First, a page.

Gardening is something I've always enjoyed, even as a young girl. My crops are not always successful, but there is just something about getting your hands dirty, seeing something come from practically nothing. I find this incredibly rewarding -- even through my failed attempts. My gardens don't look the same each year. I tend to plant different varieties of fruits or vegetables from one year to the next. However, there is one plant that has always makes an appearance: the tomato.
Recently, I have not had success with my tomatoes. It's very frustrating to plant, wait, weed, anticipate, water, nurture these plants only to end up with tomato rot, blight, aphids, etc., etc. I just want enough to make a batch of salsa for pete's sake! Here are a few examples of my duds in the past few years:
So, this year I am determined to have tomato success! Part of this process includes documenting the journey of my tomatoes. My hope is that by doing this I will be more motivated to research and properly care for these precious plants. I also hope this creates a forum for people to share their successes (and failures), so we can learn from one another. I'm starting my plants from seed and will write about and show you the progress. Over the next 6 months (from now until harvest time), you will journey with me through the life of my tomatoes. I will provide instructions on how to start, transplant, care for, and harvest tomatoes. I plan to write on topics such as common pests and diseases, fertilizers, and plant varieties, to name a few.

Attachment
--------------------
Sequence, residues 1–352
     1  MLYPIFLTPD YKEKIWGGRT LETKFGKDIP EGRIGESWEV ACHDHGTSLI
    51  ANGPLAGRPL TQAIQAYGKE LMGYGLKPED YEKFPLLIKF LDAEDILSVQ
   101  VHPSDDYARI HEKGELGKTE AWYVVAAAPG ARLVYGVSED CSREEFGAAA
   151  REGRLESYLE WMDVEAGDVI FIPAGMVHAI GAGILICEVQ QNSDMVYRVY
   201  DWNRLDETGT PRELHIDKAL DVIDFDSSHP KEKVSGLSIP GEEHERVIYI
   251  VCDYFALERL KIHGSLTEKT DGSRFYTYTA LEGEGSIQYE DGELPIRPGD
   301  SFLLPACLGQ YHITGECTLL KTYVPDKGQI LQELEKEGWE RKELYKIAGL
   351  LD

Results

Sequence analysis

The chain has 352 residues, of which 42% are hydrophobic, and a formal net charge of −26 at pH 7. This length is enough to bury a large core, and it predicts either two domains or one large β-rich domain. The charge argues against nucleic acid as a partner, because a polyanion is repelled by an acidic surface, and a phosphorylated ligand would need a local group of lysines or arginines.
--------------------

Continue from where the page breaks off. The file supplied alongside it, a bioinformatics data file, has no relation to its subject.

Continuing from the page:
If you are interested in starting from seed, the seeds should be planted indoors six to eight weeks prior to the last frost of the spring. This will be different depending on where you live. Where I grew up in Michigan, I wouldn't dream of planting my garden before Memorial Day Weekend. But in North Carolina, the average last frost date is around mid-April, so I will plant my seeds indoor in mid-February (six to eight weeks before mid-April). You can easily find the last frost information online for your area.
So, stay tuned in the next week or so, and I'll show you how to start your seeds. In the meantime, here are a few supplies you can get around in preparation:
- Seeds: Use a variety that you like and will eat. I'm using seeds I kept from my tomatoes last season, but you can certainly buy some from the store. I'll write more later on how I got my seeds.
- Seed Starting Mix: NOT plain old soil. You need this loose mixture that holds moisture and drains well.
- Plant Containers: I will use egg cartons and a plastic container some tomatoes came in from the store. I will probably need to transfer the plants from the egg cartons to a larger container before planting them outdoors, but I'll wait and see how it goes. I'm simply using this because this is what I have on hand. Ideally, I would use the plastic six-pack trays that plants normally come in. The plastic material won't get soggy when watering; they are the correct depth; and there are drainage holes on the bottom. Since I don't have those, I'm improvising. Use what you have on hand. If you use plastic yogurt cups or something similar, be sure to puncture a hole in the bottom.
- Tray for Plant Containers: You will need something for the plant containers to sit on since you will be watering the plants from the bottom. A cookie sheet or aluminum tray should suffice.
Perhaps you have never gardened a day in your life, or maybe you, too, struggle with growing tomatoes year after year. If nothing else, I hope you are encouraged through this gardening endeavor. Come along and share in my tomatoes' journey!
Check out my other posts on My Tomatoes' Journey.